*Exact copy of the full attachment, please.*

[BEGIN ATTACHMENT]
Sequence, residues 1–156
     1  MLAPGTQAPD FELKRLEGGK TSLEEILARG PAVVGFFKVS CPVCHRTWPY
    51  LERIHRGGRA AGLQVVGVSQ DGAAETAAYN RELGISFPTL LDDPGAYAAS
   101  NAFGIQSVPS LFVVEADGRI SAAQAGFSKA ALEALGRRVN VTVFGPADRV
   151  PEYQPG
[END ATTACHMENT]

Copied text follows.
Sequence, residues 1–156
     1  MLAPGTQAPD FELKRLEGGK TSLEEILARG PAVVGFFKVS CPVCHRTWPY
    51  LERIHRGGRA AGLQVVGVSQ DGAAETAAYN RELGISFPTL LDDPGAYAAS
   101  NAFGIQSVPS LFVVEADGRI SAAQAGFSKA ALEALGRRVN VTVFGPADRV
   151  PEYQPG